Msheireb Museums’ Bin Jelmood House sheds light on the Indian Ocean world’s past involvement with slavery, and as global protests against racism continue, raising awareness about such events from history has become more vital
As protests against racism and police violence continue around the world following the death in the US of George Floyd, a 46-year-old black man, the mission of a slavery museum located 7,000 miles away in Doha has become all the more important.
“It’s very important to understand the history of racism, because history repeats itself,” said Dr. Hafiz Ali Abdulla, director of the museum, adding that for anyone around the world to empathize with the Black Lives Matter movement, it’s important to understand the root of the racism, which began with slavery but continued well beyond the official abolishment of slavery.
Founded in 2015 on the site of a former slave trader’s house where slaves from across the Indian Ocean were traded as recently as the early 20th century, the museum aims to raise awareness about the Arab world’s buried history of slavery. Named Bin Jelmood House, the museum is one of the four historic houses turned into exhibition spaces by Msheireb Museums, a project of Qatar Foundation’s subsidiary Msheireb Properties.
It’s important to understand how racism works as a result of slavery, not just in the US, but also in other places
“It’s important to understand how racism works as a result of slavery, not just in the US, but also in other places,” said Fahad Al Turky, Exhibitions Manager at Msheireb Museums. “The museum is an opportunity to understand that there is global anti-blackness that is connected to slavery, as well as various other complex historical processes, such as colonialism and capitalism.”
The museum shines a rare light on the subject of slavery in the Middle East, which is often missing from public discourse because of the extreme sensitivity of the topic. However, according to Turky, recognizing a problem is the first step to finding a solution for it.
“It’s important to look within our own communities,” he said. “At the end of the day, if you don’t address the historical injustices and other ills within societies, like racism, it only makes it more entrenched within a society, and makes it more difficult to achieve justice.”
The United Nations (UN) Special Rapporteur on Contemporary Forms of Racism also lauded the museum during her visit to the country last year.
“I wish to commend the museum for the powerful and crucial contribution to Qatar and the world more broadly. As is the case in all nations, Qatar’s past is vital for understanding its present and shaping its future,” read the rapporteur’s report to the UN, praising the country’s use of “arts, culture and sports to shift societal values, beliefs and perceptions fundamental to equality and non-discrimination.”
Museums such as the Bin Jelmood become a site of learning, and we give a different kind of narrative that is often times not talked about
Race as a social construct
One of the exhibitions within the museum, titled Journey to the Heart of Life, looks at the DNA and genetics of a diverse group of people in Qatar to highlight how, biologically, all humans are similar to one another and come from the same origins.
“Race is a social construct, not necessarily a genetic or a scientific concept. The DNA exhibition shows that we have much more in common than we are different. So how is it possible that we can we exercise racism or slavery on each other?” said Turky.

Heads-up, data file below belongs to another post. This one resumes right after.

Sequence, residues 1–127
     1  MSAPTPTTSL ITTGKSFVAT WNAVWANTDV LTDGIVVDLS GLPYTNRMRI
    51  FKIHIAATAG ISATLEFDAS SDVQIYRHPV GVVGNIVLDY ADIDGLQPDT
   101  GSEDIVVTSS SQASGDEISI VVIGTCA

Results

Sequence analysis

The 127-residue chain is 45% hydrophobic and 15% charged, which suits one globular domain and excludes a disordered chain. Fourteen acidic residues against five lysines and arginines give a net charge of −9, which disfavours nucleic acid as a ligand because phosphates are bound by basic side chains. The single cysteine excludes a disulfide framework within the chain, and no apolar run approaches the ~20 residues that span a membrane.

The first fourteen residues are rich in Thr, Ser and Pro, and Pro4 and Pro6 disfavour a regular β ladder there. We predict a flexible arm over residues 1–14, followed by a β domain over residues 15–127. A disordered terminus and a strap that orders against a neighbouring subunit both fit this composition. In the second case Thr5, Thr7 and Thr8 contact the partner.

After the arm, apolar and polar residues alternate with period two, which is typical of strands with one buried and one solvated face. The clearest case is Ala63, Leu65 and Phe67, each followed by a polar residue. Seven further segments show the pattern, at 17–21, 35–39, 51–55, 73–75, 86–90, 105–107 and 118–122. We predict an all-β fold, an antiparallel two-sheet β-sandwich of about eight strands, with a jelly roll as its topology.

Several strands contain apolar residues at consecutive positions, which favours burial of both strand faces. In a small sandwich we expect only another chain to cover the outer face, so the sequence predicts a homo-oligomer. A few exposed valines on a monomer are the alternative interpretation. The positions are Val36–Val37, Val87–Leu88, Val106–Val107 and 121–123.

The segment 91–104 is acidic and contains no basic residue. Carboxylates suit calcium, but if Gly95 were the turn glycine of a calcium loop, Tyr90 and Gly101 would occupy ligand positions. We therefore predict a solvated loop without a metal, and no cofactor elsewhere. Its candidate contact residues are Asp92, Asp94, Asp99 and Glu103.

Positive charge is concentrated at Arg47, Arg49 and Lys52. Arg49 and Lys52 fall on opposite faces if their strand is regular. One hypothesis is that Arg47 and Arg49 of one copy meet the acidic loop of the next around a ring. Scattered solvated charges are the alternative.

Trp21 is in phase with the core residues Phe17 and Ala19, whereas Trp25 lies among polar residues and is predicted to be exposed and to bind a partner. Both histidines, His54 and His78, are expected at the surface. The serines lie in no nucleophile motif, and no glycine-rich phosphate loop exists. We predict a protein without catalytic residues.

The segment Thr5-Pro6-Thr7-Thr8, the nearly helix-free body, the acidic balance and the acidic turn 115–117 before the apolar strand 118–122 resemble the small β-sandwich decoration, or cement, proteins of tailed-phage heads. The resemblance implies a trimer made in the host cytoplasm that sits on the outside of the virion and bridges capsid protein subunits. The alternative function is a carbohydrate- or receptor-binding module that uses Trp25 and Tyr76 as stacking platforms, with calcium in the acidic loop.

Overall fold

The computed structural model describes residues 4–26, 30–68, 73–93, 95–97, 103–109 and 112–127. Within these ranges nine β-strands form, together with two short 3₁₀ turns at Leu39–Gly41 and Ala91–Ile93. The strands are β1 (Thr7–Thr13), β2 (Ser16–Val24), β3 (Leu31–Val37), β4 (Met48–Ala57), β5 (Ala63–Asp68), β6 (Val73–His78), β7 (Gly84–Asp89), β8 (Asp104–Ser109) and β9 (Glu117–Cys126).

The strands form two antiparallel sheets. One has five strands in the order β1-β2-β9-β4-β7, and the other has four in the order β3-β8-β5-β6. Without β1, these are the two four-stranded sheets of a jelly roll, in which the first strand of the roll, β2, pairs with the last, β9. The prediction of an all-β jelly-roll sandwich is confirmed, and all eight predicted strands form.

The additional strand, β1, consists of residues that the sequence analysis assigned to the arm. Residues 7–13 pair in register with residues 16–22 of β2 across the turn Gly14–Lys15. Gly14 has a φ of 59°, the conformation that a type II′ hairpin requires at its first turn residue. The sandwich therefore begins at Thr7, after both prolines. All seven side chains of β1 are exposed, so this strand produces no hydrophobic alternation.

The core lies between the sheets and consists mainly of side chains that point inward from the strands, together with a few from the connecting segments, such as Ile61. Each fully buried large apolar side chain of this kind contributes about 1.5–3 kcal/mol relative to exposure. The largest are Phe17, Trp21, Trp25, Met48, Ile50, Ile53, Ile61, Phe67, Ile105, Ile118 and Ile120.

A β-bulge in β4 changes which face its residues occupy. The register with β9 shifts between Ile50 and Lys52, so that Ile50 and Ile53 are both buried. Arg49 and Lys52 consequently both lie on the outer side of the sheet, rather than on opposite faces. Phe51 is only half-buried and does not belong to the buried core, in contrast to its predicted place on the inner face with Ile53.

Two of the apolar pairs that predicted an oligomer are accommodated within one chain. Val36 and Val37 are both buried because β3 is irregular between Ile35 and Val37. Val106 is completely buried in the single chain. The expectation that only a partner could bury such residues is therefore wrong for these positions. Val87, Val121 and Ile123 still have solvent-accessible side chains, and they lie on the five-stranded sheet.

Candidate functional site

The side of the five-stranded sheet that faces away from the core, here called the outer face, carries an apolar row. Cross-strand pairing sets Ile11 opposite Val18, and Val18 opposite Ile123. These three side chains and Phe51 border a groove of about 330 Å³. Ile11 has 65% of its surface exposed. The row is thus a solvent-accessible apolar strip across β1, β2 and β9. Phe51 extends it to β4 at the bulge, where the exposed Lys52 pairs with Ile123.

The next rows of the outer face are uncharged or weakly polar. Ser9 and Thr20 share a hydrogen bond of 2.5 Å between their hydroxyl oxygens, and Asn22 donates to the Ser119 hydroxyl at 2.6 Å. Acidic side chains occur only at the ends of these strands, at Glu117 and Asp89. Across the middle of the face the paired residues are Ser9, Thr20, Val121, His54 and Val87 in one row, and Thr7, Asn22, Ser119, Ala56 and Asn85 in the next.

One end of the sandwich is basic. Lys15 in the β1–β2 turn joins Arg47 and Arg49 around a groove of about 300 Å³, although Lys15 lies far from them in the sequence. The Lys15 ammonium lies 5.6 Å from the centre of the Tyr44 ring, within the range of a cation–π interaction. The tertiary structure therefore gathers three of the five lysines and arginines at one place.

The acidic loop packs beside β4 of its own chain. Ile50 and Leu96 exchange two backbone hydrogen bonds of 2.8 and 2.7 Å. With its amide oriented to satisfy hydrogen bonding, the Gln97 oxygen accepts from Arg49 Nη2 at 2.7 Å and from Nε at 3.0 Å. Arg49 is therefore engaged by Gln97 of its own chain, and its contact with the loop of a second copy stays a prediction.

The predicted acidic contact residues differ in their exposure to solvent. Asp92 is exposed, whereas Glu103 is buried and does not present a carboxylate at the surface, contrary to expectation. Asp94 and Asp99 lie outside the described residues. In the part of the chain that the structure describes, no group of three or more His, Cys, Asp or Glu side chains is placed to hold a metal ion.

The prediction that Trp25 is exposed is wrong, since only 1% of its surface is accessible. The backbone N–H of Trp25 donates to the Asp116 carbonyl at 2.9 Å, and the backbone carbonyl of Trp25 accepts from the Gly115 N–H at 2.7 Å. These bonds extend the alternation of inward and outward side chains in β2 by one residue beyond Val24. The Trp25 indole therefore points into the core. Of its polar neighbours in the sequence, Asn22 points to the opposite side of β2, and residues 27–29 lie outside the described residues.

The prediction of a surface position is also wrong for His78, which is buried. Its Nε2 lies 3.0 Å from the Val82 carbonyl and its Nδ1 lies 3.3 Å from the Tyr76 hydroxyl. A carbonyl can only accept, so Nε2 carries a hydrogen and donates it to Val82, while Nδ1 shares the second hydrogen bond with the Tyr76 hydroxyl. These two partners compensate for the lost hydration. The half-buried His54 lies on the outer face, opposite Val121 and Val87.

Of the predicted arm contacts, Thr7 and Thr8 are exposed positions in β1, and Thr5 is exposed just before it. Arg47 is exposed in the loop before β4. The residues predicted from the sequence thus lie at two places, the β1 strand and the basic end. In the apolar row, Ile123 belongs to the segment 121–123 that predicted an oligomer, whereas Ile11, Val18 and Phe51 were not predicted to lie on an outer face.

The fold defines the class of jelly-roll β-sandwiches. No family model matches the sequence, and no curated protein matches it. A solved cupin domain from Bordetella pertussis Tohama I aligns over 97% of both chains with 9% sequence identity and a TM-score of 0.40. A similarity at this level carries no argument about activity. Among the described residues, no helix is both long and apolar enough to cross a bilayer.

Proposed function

Turky noted that while race is not a scientific phenomenon, racism is real and oppresses the lives of so many people around the world because of the society’s perceived notions of race.
“Museums such as the Bin Jelmood become a site of learning, and we give a different kind of narrative that is often times not talked about,” added Turky. “And this is really important for awareness because once you understand this narrative or alternative history, you become more aware of the intersection of slavery, institutions, race, gender, and so on.
“Museums play a vital role in informing these discussions, and they are often the first step in starting those discussions.”
This museum is a live document of what is happening around us
Msheireb Museums regularly work with educational institutes across the country to ensure important conversations about discrimination, slavery, and human exploitation also get discussed within classrooms. The museum has established the Msheireb Museums Friends program, which trains teachers and leaders from educational organizations and youth associations to become cultural ambassadors of its message and engage with its content both within and outside the museum.
In 2018, the International Council of Museums (ICOM) awarded Msheireb Museums with the Best Educational Practice award for their educational and cultural activities.
“This museum is a live document of what is happening around us and we are always working on enhancing the content and outreach of the museum that can help us improve any aspect of the society or the future,” said Dr. Abdallah.
As educational institutions start opening up after the COVID-19 lockdown is lifted, the museum’s team plans to collaborate more actively with schools and universities to continue the conversations on race and discrimination that have become all the more important in light of the protests starting from the United States.
“We are not trying to pinpoint who was wrong or who was right,” said Dr. Abdallah. “We are just trying to show the basic attributes of being human that we all share and creating a conversation about how there is no superiority of one race over the other.”